• Facebook’s Chief Information Security Officer Alex Stamos plans to leave the company in August, according to media reports.
  • Stamos reportedly clashed with other executives at Facebook over how to handle the spread of misinformation on the platform.
  • Stamos acknowledged in a tweet that his role had changed at Facebook, but did not confirm or deny that he planned to leave Facebook in August.

Alex Stamos, Facebook’s chief information security officer, plans to leave the company in August as it grapples with a storm of controversies relating to its role in spreading misinformation, according to a report in the New York Times on Monday.

Stamos favored being more transparent with the public about how the 2-billion member social network was misused to spread propaganda during the 2016 presidential election, according to the report which cites anonymous sources familiar with the matter. That position put Stamos at odds with Sheryl Sandberg and other executives inside the company.

A well-known figure in the world of cybersecurity, Stamos’ day-to-day responsibilities were assigned to others in December – prompting him to make plans to leave, the Times said. Stamos was convinced to stay on until August to avoid causing concern among employees, the report said. Reuters also reported that Stamos planned to leave in August.

In a tweet following the report, Stamos said he was “still fully engaged” at Facebook, despite the “rumors.” He acknowledged that his role had changed and that he was currently focused on “emerging security risks and election security,” but he did not say anything about whether he planned to remain at the company past August.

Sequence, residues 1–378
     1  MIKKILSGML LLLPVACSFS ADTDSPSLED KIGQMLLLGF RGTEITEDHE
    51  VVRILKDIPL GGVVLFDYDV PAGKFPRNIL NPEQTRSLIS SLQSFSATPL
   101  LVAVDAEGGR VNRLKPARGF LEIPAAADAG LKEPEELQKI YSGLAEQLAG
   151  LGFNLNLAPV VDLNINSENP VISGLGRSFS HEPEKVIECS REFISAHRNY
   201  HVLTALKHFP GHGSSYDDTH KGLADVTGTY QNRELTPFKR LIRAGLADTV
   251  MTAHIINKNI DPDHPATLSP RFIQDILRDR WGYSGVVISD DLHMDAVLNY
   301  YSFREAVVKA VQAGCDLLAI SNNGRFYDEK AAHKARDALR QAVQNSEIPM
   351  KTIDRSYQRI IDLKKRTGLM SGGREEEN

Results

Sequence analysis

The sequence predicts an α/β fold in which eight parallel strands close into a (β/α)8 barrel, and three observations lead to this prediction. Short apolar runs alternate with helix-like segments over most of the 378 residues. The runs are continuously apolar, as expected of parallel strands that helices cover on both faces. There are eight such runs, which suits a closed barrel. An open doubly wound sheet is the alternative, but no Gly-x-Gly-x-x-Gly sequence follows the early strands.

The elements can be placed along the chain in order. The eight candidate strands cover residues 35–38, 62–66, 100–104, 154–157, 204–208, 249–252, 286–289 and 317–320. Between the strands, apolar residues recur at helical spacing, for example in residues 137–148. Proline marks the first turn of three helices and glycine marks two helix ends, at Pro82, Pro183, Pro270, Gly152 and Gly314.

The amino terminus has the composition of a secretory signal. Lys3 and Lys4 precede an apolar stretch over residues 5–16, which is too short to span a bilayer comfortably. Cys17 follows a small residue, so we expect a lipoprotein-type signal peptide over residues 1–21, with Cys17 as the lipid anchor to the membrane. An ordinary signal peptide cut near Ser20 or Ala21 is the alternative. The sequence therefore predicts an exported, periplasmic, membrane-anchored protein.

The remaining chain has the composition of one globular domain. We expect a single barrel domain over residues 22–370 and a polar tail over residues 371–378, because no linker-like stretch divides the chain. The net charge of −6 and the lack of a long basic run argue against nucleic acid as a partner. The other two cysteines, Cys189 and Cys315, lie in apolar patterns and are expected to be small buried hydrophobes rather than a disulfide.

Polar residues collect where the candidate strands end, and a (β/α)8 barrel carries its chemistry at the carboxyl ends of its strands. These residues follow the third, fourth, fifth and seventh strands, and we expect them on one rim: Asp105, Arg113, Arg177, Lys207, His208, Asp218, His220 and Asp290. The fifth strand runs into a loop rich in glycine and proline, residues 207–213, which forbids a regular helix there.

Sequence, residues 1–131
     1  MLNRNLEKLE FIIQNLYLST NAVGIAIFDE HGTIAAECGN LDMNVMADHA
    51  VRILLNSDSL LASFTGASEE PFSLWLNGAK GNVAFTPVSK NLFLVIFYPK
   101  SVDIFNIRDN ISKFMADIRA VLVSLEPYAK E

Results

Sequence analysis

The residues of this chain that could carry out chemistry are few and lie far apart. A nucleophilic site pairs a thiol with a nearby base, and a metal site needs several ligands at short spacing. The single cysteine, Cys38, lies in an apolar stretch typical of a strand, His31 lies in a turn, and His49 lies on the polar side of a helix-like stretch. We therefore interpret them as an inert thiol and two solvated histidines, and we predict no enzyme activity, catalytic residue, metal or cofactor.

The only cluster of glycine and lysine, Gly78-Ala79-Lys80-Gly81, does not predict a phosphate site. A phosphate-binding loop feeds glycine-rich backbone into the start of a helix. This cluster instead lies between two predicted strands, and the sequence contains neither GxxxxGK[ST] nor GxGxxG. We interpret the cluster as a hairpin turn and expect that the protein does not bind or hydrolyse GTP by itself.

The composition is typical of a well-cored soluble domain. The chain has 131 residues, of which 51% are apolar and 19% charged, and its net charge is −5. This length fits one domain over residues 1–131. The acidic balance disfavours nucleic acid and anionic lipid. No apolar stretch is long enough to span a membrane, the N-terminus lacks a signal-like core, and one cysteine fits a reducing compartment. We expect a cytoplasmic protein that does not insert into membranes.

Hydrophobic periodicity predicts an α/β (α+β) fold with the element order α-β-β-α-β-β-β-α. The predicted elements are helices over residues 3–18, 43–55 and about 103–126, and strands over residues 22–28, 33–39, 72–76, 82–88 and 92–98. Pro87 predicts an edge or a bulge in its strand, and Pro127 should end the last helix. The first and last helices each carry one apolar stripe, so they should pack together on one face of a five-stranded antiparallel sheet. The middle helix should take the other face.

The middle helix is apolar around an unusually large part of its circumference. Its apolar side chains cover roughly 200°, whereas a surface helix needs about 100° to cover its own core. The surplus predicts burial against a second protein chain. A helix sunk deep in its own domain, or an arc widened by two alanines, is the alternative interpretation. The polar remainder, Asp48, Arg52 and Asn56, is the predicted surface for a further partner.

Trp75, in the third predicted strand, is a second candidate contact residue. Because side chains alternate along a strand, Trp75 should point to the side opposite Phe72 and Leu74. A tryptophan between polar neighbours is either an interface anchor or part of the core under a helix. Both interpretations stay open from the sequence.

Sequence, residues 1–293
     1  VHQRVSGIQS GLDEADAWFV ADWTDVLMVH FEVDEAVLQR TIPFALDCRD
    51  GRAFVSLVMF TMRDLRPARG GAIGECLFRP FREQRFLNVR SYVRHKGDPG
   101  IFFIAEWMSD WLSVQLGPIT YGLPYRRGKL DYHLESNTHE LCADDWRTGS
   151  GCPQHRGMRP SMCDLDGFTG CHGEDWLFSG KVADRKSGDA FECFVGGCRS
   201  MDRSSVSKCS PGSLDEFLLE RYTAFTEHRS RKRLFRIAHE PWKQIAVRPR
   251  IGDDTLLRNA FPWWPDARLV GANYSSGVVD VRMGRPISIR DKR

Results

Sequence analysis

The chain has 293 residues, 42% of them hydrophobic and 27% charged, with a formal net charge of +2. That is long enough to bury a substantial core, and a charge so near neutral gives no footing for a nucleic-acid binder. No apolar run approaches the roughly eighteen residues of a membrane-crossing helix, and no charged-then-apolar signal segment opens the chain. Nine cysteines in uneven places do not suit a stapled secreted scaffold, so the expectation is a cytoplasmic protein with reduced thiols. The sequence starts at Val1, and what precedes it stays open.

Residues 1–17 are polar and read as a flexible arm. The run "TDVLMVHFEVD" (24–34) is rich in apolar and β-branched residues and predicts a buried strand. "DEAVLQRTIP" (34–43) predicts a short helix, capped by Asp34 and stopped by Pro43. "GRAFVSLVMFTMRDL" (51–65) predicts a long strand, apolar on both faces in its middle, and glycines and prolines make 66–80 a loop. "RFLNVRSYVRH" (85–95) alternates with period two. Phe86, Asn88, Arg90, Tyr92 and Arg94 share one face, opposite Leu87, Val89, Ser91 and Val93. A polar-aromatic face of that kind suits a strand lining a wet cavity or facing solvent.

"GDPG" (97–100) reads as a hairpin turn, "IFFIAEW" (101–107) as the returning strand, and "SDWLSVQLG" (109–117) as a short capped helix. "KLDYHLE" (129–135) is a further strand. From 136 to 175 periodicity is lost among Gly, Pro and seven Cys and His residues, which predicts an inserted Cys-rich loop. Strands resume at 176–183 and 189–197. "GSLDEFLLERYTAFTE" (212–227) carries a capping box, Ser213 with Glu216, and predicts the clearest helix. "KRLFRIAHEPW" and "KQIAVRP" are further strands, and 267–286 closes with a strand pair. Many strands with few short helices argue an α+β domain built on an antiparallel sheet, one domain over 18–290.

In an emailed statement to Business Insider, Facebook said that Stamos "continues to be the Chief Security Officer (CSO) at Facebook," but did not address whether he planned to leave in August.

"He has held this position for nearly three years and leads our security efforts especially around emerging security risks. He is a valued member of the team and we are grateful for all he does each and every day," Facebook's statement said.

The news of Stamos' departure comes amid revelations that the personal information of 50 million Facebook users was stolen and exploited during America's 2016 presidential election. The data was used by Cambridge Analytica, a tech firm that creates "psychographic profiles" of voters for advertisers, by the Trump campaign.

Facebook has been criticized for its handling of the Cambridge Analytica incident. The company has also faced pressure for not taking the issue of Russia-linked propaganda and misinformation on its platform during the 2016 election seriously enough.

This isn't the first time Stamos has clashed with employers over their approach to security matters. He was previously the chief information security officer at Yahoo, before leaving to come to Facebook in 2015. He quit after then-CEO Marissa Mayer agreed to scan customer emails for US intelligence officials, Reuters reported in 2016.